We started the day by watching the Dawn Service at the Australian War Memorial and the address by Brendan Nelson Director of the AWM. Nelson was as good as I have seen at delivering a heartfelt message of remembrance for all Australians who have served their country in theatres of war and elsewhere. He made me feel proud about my heritage, my father’s service in the Middle East 1940 -1942 and my son’s service currently.
Following breakfast, we put on our walking shoes and stepped it out to the City via the Goodwill Bridge QUT and the Botanic Gardens. A most enjoyable stroll in early morning sunshine with the promise of a pleasant warm day. We made our way up Albert St., then into Charlotte St., and finally onto George St. (the wind tunnel of Brisbane) where the various units were assembling. The marchers were in George St. headed north, the bands in Elizabeth St. headed east and the vehicles containing digger too old or disabled to march in Elizabeth St headed west. They would combine at the intersection of George and Elizabeth to form the parade.
We proceeded onto the stairs of the Toshiba Building at the corner of George St., and Adelaide St. took up a comfortable position – Kerry sitting on a wall and me standing camera in hand. People were milling awaiting the whistle for the parade to commence. Organisers in red polo shirts buzzed everywhere clip boards at the ready and the wind started to build whipping up George St like a gale in Bass Strait.
the crag hiding the Blue John Mine
Further down the mine
European pole martin
The it started run on 9.30 am with a group re-enacting the appearance of Queensland soldiers from the Boer war for we were not a nation then.
Heather across the hills
one of the outstanding vistas of the Peaks District
small Blue John seam
Some tough looking owls
Going down the mine
Grotesque at base of corbel
view of Abbey from the front
View from the Orangery
What the facade hides
Major Oak – you can just see the opening to the cavity in the trunk
Robbing from the poor – refreshment wagon at Major Oak
Entry to the old stable now the Shopping Court
Grotesques St Georges Cathedral
the Royal Box
the west wing of the grand stand
view from the Keep
they don’t fly in a straight line
the Bar circa 1770
now a conference room
the Deputy Principals office
the change sheds
Is there a gardiner in the house?
the Audience Room
There was a squad of old taxis carrying the old and disabled diggers followed by the Air Force who presented in their sky blue shirts followed by the Navy and then the Army – 150 units in all. Various volunteers, police men and officials spent a lot of time rounding up hats blown off the marchers. The parade continued well past 11.30 am when we decided it was time to walk home as rain was now threatening as well. Nevertheless, a grand parade to remember all the servicemen and women throughout our short history as a nation.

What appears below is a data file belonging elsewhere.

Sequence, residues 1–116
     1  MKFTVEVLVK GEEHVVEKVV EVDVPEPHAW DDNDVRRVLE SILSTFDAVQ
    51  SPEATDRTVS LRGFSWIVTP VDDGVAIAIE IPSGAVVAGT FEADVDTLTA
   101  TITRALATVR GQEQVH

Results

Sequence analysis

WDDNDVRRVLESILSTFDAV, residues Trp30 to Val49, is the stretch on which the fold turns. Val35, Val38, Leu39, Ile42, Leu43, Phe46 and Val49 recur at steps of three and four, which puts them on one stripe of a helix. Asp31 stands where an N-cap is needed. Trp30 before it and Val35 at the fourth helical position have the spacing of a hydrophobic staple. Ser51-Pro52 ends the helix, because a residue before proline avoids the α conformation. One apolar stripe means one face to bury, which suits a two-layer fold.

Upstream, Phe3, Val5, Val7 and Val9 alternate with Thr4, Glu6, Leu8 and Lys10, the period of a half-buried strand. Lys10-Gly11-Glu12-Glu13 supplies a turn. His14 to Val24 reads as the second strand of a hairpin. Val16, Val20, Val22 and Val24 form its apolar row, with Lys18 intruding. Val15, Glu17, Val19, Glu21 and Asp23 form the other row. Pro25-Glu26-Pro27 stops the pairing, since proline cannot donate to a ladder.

New Inn dining room
bloody quick for the camera
the finish line
the Mounting Yard
motif in stone decorating all external walls
After arranging to meet with Carly and her family at Binna Burra we arrived and were enjoying a cup of hot chocolate to find out Carly is on another mountain at O’Reilly’s – one and a half hours down and up another mountain. We decided that with the weather turned cool with a gusting wind that we would enjoy our cup of hot chocolate and read Sunday’s newspaper in the warm of Binna Burra Tea Rooms.
After finishing our chocolate and the newspapers, we ventured outside and the weather was decidedly improved. After checking the trails that were open we decided to take the Forest circuit and divert onto the Loop track – 2.1 klms in all.
Binna Burra is a parcel of private land and mountain lodge surrounded by Lamington National Park. It is also the name of a locality in the same area hemce the confusion about where we were to meet Carly. The lodge lies in the north-eastern corner of the Lamington Plateau, 75 km south of Brisbane. According to Wikipedia, Binna Burra means “where the Antarctic Beech trees grow” in a local Aboriginal language. You can visit the remaining Antartic Beech Forest on the way to Natural Arch.
Our walk commeced by passing through the gate to the Park where we encounter one of the locals – a small black snake sunning itself on the path. At only 1 foot long it did not present any danger.
The walk through the forest was cool due to the cloud and the light rain but the incline meant that we would work up a sweat.
The forest is filled with Satinash trees which seem to be very vulnerable to the Strangler Fig which grows up and around the trees eventually crushing it but creating this spectacular twisted natural sculpture. The wind had brought down some of the dead tress that are scattered through the forest.
Canal boat s on the canal
High up in the trees are the crows nest ferns but thanks to high winds the ferns find their way to the forest floor .
Also on the floor of the forest are some amazing fungi.
panoramic view of the rest of the reserve
Long Eaton Locke
View along canal
The rain eventually built up to the point where we decided to return to the car and make our way home. Travelling down the mountain we stopped at one of the well known jumping off points for the para-gliders. It was far too windy today but you can still experience some fabulous views.
Travelling down the mountain we tried to get a view of the Hinze Dam which flooded Advancetown and the Upper Coomera Valley to provide water to the Gold Coast. We were unable to get a picture showing the whole of the dam but some parts of it and the views to the Gold Coast.